Why Do We Get Sick On Holiday?

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Have you gone away only to fall sick after a few days? Let the experts explain why it happens and how to stay healthy

Becoming ill in the first few days of a holiday is so common that Dutch psychologist Dr Ad Vingerhoets, who has investigated the phenomenon, coined the term “leisure sickness”.

In some cases we catch a bug simply because we come into contact with unfamiliar viruses and bacteria. Airports and planes are hotbeds of germs and respiratory viruses, such as colds, can survive at least two days on surfaces.

Description: Becoming ill in the first few days of a holiday is so common

Becoming ill in the first few days of a holiday is so common

There’s also the undoubted fact that minor symptoms you usually ignore, such as vague aches and pains, can become more prominent when you’re trying to wind down. “It’s not so much a matter of actually getting sick more during time off, but of becoming more aware of symptoms,” says Dr Vingerhoets.

However, there are also three ways that the psychological changes associated with holidays can also make us more susceptible to illness:

1.    Immune system slump

Stress can activate the immune system so health problems are suppressed during everyday life. The minute you start to de-stress, however, the immune system falls apart, says Dr Stafford Lightman, Professor of Medicine at the University of Bristol, an expert on how the brain regulates stress hormone production. “When you’re stressed out, your body produces high levels of the stress hormone cortisol, which helps to keep your immune system active,” explains Dr Lightman. “When you de-stress for a short time, however, because your body is dependent on a high level of cortisol, your immune system functions poorly until it readjusts. The result? You are more likely to pick up infections. Although not scientifically proven, this is logical and makes sense.”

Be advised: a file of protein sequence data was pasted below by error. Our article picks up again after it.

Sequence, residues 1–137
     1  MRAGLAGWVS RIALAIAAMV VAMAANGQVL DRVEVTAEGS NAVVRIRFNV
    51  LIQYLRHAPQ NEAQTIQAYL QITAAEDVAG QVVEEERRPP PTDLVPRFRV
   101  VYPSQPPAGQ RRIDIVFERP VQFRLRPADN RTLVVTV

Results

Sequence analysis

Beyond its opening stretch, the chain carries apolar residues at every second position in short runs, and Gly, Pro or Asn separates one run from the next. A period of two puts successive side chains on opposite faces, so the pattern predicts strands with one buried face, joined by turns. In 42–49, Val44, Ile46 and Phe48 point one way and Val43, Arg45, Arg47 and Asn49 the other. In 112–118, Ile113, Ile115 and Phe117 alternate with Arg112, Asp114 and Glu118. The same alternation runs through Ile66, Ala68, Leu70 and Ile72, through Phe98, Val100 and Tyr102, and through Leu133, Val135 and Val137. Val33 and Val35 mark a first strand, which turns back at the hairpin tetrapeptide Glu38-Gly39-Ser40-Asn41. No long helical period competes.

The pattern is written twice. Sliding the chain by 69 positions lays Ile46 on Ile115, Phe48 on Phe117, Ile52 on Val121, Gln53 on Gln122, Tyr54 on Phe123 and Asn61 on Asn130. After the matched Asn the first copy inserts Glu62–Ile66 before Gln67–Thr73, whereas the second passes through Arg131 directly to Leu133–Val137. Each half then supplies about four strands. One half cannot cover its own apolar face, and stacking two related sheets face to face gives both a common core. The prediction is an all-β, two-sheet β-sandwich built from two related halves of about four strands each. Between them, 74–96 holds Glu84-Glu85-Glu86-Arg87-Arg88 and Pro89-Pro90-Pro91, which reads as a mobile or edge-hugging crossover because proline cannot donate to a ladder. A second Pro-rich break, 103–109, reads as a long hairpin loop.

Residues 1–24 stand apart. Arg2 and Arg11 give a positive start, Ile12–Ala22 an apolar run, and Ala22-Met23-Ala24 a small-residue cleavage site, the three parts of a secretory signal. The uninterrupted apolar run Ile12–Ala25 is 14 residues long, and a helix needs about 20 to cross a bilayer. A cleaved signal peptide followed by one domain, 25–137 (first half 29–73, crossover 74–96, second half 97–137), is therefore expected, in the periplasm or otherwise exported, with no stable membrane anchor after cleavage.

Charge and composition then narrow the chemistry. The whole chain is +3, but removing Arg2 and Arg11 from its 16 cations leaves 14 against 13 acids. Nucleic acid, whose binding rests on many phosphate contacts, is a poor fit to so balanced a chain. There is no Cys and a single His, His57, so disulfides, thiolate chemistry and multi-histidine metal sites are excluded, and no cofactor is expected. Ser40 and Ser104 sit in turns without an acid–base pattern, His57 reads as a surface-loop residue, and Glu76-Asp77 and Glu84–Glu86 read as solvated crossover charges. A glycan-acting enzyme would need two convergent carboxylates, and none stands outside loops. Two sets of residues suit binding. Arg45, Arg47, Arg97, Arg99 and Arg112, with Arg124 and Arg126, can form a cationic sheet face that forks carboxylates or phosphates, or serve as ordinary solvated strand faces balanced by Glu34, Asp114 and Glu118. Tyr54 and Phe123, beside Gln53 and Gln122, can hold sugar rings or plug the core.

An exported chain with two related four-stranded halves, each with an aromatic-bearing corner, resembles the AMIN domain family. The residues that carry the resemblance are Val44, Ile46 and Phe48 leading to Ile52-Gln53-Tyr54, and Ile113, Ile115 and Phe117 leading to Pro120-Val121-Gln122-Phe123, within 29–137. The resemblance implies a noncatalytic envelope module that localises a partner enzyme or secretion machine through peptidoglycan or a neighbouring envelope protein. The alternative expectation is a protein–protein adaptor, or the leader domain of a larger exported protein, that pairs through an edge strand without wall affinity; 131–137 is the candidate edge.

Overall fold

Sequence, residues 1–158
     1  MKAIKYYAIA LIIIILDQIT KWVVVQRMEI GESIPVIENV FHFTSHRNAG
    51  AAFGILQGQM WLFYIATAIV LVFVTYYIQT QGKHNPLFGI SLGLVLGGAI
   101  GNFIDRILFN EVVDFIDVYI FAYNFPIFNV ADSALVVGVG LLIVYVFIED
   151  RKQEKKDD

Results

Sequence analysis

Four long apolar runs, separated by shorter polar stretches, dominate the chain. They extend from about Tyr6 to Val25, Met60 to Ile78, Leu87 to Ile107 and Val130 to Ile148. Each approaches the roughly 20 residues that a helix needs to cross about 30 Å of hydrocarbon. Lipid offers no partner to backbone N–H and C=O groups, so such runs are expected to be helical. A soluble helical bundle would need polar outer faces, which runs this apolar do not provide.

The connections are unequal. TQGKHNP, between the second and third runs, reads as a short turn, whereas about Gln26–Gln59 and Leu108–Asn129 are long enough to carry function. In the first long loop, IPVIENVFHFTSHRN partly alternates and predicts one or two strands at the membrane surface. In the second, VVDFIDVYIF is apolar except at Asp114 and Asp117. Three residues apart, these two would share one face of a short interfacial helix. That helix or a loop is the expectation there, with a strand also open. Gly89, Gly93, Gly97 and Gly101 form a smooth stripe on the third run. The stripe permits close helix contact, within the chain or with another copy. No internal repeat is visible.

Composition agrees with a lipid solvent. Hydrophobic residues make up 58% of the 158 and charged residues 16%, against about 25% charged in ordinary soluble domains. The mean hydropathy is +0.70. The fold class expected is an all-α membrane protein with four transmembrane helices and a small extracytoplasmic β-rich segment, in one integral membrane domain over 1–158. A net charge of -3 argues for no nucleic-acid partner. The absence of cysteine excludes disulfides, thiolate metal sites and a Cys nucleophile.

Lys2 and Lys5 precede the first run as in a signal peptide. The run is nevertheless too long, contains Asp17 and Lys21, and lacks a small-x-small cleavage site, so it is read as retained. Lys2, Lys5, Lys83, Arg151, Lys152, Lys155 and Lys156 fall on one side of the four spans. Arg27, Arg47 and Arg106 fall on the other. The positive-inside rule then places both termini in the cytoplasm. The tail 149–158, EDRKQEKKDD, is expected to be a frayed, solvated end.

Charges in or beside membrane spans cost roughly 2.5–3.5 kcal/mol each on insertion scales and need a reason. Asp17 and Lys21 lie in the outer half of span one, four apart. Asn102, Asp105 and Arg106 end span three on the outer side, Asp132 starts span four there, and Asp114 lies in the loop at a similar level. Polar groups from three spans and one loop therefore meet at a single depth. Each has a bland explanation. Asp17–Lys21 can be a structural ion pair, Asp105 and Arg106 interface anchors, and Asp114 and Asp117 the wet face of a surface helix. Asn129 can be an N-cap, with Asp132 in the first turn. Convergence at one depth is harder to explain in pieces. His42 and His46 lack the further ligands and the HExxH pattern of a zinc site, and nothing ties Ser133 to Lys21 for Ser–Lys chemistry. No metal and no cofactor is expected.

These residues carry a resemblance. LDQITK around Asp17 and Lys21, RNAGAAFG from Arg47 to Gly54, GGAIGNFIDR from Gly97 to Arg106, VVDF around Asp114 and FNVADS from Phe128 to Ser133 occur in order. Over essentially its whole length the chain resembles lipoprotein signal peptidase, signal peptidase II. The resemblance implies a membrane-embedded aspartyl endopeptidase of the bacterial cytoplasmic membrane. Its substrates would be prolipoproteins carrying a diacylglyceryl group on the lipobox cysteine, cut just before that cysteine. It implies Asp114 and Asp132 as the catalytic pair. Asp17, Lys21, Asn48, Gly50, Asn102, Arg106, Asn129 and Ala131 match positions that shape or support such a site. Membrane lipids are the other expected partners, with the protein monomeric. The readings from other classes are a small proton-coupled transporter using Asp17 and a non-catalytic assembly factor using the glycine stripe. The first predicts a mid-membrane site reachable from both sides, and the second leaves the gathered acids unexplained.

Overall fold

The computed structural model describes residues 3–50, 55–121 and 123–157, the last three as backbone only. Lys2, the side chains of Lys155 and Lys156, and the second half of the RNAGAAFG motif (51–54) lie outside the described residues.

Description: Your immune system falls apart the minute you start to de-stress

Your immune system falls apart the minute you start to de-stress

2.    Underload syndrome

When it comes to holidays, this may be as bad as overload. If you thrive on a high-octane lifestyle, time off can lead to a decrease in feel-good hormones accompanied by a slowing of metabolism, a reduction in energy, a sluggish immune system – and greater susceptibility to infections. “People who are responsible for others, such as teachers, often unconsciously postpone being ill until they break up,” says Dr Vingerhoets. A classic example of mind over matter.

3.    Getaway stress

“All too often we rush around trying to get organized in the week before a holiday. By the time we go away we’re frazzled, anxious – and prey to every passing bug,” says Harley Street psychotherapist Christine Webber, who analysed the findings of a year-long study into physical and mental health before, during and after holiday for travel firm Kuoni and health charity Nuffield Health. Add to this anxieties about getting to the airport on time, remembering your passport and the physical strain of heaving a heavy bag around, and stress levels can soar.

Description: Remember to pack in good time

Remember to pack in good time

Easy ways to stay healthy abroad

·         Lessen stress by packing in good time, and get as much sleep as possible in the week before you go away.

·         Give yourself plenty of time to get to the airport, and travel as light as you can.

·         Wash and dry your hands when you use the airport or plane facilities, and before meals. Avoid touching your nose or eyes to avoid spreading germs.

·         Pick up a pack of antibacterial wipes for your hands, tray tables and arm rests, and use them regularly.

·         Avoid caffeine and alcohol, and drink water to stay hydrated on board the plane. Dry air in the cabin can dry out the mucus membranes in your nose, a defence against respiratory bugs.

·         Save sightseeing trips for the later part of your holiday. Over the first few days, steer clear of too much sun, sea, food and drink to give your body time to adjust.

·         Some exercise can help to defuse stress and keep your immune system primed. A gentle swim or a brisk walk should do the trick.

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